Principles for better remote facilitation

Improve your dialogues and achieve better outcomes

The challenges we faced

As we were preparing for a series of workshops, we faced some challenges that we had to overcome to create the best environment for people to have a constructive dialogue.

Principles we learnt

Here are some principles we’ve learnt and applied over the past few months.

Be patient and considerate

People are still adjusting to working remotely. People feels your patience and consideration, and in return they engage more fully with the dialogue. We’ve found that a three-hour session gives you the best use of people’s time while keeping them engaged. Any longer and people will disengage pretty rapidly.

Use the minimum denominator of tech available

Use the technology that is accessible by everyone involved. In our case, we facilitated a few sessions over phone, and surprisingly, we got the best feedback from that! Of course it was challenging, but it was worth it because it was inclusive.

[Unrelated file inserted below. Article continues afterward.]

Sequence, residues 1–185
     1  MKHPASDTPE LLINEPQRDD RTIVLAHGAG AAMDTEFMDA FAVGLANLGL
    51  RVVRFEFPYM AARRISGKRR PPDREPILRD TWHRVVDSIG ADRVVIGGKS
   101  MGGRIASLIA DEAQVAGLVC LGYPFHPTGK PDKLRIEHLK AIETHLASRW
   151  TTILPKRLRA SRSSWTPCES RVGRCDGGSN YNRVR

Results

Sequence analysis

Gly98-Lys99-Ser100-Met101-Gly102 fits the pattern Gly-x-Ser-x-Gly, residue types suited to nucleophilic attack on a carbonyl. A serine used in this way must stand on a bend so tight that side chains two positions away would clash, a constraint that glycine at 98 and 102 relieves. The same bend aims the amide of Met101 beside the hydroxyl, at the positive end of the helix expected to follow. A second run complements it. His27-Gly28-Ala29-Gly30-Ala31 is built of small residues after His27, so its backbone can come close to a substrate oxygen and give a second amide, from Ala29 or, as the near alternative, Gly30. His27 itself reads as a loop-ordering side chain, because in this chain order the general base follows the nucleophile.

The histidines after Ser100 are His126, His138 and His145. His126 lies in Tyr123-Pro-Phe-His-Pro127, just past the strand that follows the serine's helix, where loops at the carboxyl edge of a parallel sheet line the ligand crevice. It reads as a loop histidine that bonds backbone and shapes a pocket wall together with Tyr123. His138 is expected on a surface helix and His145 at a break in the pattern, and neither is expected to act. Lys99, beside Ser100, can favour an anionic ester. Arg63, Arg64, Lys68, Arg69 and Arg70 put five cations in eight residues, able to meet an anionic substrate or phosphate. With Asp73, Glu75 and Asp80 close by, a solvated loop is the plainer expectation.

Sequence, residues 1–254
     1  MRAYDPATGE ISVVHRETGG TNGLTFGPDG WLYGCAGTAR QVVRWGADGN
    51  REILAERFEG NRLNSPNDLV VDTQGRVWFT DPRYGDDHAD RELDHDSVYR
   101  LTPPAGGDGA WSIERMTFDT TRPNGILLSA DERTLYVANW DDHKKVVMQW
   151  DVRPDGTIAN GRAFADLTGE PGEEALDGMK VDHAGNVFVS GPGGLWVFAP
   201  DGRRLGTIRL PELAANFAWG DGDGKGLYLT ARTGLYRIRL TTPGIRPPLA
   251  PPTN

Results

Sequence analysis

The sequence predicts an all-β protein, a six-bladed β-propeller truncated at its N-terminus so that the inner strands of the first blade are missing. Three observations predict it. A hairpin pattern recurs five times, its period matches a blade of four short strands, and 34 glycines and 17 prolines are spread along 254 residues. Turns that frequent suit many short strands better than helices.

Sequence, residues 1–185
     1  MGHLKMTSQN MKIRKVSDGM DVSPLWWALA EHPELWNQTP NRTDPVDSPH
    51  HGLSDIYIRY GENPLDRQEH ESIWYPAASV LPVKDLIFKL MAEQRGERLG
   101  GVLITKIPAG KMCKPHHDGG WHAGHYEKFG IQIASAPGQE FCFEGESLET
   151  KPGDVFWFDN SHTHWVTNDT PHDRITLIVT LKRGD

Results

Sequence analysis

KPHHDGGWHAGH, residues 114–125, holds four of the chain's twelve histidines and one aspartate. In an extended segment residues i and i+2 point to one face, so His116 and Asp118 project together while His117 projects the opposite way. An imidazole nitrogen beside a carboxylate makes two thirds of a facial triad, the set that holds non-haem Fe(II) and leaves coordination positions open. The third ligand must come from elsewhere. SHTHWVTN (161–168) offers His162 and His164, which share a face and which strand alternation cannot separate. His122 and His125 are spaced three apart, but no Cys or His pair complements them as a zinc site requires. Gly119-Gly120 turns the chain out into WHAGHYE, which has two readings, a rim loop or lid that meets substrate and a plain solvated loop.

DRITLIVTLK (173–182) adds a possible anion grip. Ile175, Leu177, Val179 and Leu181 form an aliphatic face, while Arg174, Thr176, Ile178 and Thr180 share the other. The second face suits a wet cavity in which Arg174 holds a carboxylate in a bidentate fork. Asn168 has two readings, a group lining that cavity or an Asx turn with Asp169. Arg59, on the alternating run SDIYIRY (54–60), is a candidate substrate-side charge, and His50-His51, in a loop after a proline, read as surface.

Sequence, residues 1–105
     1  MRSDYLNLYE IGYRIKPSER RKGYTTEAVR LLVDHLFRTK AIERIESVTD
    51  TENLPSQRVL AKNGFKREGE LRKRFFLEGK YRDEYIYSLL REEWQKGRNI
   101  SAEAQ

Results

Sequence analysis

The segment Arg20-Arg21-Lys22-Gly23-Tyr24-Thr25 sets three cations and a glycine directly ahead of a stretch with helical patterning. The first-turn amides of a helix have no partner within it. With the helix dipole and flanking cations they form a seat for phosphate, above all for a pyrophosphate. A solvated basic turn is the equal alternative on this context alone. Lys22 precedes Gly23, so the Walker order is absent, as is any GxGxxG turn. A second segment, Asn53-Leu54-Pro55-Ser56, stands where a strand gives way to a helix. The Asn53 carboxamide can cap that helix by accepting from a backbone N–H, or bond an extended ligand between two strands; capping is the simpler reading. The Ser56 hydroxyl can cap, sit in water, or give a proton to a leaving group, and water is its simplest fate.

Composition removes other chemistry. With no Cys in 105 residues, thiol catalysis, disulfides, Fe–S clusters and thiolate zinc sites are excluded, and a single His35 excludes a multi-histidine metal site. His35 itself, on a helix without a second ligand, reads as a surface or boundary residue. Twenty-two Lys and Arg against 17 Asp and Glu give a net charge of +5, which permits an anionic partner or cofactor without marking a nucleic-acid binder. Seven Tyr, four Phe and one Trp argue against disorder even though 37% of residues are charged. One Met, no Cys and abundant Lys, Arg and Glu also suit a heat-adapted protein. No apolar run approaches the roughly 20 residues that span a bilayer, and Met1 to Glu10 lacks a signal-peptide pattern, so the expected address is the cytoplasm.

Prepare, then wing it

It’s important to prepare a session but be prepared for it to go differently. If it’s your first time facilitating online, you might be nervous, and that’s okay. Do a dry run with an ally who can give you tips on how to improve.

Rehearse your use of tech

This one’s easy — do a dry run before your workshop so that you can make sure the technology and tools you’ll use will work how you need them to.

Touch-in as co-facilitators away from the group

The more people involved, the more facilitators you’ll need. Checking-in at regular intervals will help you stay on the same page. To avoid confusion, we agreed to use a different tool than the one we used for facilitation. This helped us avoid distracting workshop participants.

Know who’s onboard

Don’t leave anyone behind. Check how the group is going at regular points. This will help people feel supported and encourage them ask for support when they need it.

Use the best tool for the job

Use tools for the purpose you’re aiming for. You don’t need to use Miro for ideating if a simpler tool like Groupmap will do. One the other hand, if you’re mapping the future experience or a journey map, Miro is probably better suited.

Final note

Design facilitation is a privilege — you get to help others have constructive dialogues about important issues. Treat it as a privilege, and in return, people will be engaged and put their best foot forward.





Human-centred designer. ThinkPlace. Designing for positive outcomes.

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Abram El-Sabagh

Human-centred designer. ThinkPlace. Designing for positive outcomes.